The surge is working! Or so President Bush intimated in his recent State of the Union Address when he indicated that “the American and Iraqi surges have achieved results few of us could have imagined one year ago.” Imagined by the numbers, what this means is that American and allied military deaths are now down to just slightly above pre-surge levels, amounting to 2.47 deaths per day (a “mere” 901 deaths in the preceding twelve months). Of course, this number does not take into account the 16.6 injuries per day to military personnel or the incalculable psychic damage resulting in PTSD. But most of all, it doesn’t take into account the nearly 25,000 deaths to Iraqi civilians in the past year, a conservative estimate which more than doubles pre-surge numbers in this category. Such statistics are hard to find, as they are typically not featured in the mainstream press, but even at that they are abstractions that operate in the aggregate and make it hard to identify the real human and social costs and implications of such of policies as they are lived and experienced.
To understand the larger impact of the surge requires more than numbers. It also requires vision and imagination.
Less than a week after President Bush lauded the “results” of the surge, Baghdad experienced its “Worst Attack … in Months” as two suicide bombers unleashed carnage in a popular pet market and bazaar. No Americans died or were injured, but 65 Iraqis were killed and at least twice that many were wounded, including many children and teenagers. The NYT depicted the attack in a slideshow that generally followed the realist conventions of documentary photography, focusing on the particular event with landscape portraits of the after effects of the explosions, as well as medium and close shots of injured individuals, family members mourning the deaths of relatives, and coffins housing the dead. However, the photograph above, appearing near the middle of the slide show, broke with these conventions in ways that invites a more capacious, allegorical understanding of the attacks and their implication for interpreting the otherwise unimaginable results of the year long surge.
What we see here is a young boy standing in the middle of the street. It could be anywhere, of course, lending universal appeal to the image, but the slide show locates us in Baghdad. Cast in a shadow and shot in a subtle but noticeable soft focus, it is hard to recognize the boy as an individual. Nor does his individuality seem to matter, for he is identified in the caption as a type, “a young boy,” and it is the assumption of his youthful innocence and potential for the future that seems to matter the most. While he occupies nearly half the frame of the image, and thus his presence looms large, it is not the boy to which our attention is drawn, at least not exclusively and except insofar as the caption notes that he is “examin[ing] dead doves at Ghazil market, which has been a regular bombing target.” No, it is the doves, laying prostate and framed in the foreground by a wide angle that casts them in sharp focus, that invites our most immediate and direct identification and consideration.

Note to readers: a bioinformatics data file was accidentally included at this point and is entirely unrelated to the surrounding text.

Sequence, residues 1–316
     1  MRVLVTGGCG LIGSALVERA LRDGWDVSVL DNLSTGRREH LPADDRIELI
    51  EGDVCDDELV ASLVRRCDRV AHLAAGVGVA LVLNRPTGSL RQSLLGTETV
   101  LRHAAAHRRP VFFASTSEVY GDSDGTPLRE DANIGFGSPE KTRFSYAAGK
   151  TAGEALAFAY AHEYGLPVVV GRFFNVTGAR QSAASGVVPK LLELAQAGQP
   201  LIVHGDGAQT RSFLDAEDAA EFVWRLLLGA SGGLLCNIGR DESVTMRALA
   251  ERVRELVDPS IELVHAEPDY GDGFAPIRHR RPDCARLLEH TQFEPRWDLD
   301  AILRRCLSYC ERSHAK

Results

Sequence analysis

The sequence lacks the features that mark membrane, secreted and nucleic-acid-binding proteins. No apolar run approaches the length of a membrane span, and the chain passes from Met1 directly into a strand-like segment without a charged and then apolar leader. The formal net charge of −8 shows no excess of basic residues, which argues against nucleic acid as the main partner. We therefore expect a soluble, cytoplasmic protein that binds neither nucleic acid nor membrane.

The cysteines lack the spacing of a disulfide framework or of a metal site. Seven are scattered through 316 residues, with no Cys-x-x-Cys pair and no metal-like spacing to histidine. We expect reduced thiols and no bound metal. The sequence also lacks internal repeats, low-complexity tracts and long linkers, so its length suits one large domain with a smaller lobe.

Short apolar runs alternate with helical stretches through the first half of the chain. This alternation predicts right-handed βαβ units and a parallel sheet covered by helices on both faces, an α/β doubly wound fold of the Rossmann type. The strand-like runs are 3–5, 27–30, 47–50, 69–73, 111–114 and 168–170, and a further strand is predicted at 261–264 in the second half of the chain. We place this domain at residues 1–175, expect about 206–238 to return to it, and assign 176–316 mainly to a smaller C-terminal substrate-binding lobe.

Just as the child is a symbol of innocence and hope for the future, so the dove is the symbol of peace and harmony. One would hope that the two would go hand in hand. But here they have been sundered, their separation from one another – and from the viewer – emphasized by the low angle, debris, and blood that marks their distance from one another. The significance of this is once again underscored by the caption which, goes on, “Ghazil market … has been a regular bombing target. It was struck a year ago in January, when 15 people died, but after months of increased American troop presence, it regained some of its vitality.” The tilt of the boy’s head (is he “examining the doves” or mourning a loss) suggests that the “return to vitality” was a false hope. The veil of innocence has been shattered (perhaps, once and for all), and with it the future is placed in question.
The photograph would thus seem to be an allegory for much more than this one explosion. And as such, perhaps it helps to make the results of the surge a bit more imaginable.
Photo Credit: Eros Hoagland/New York Times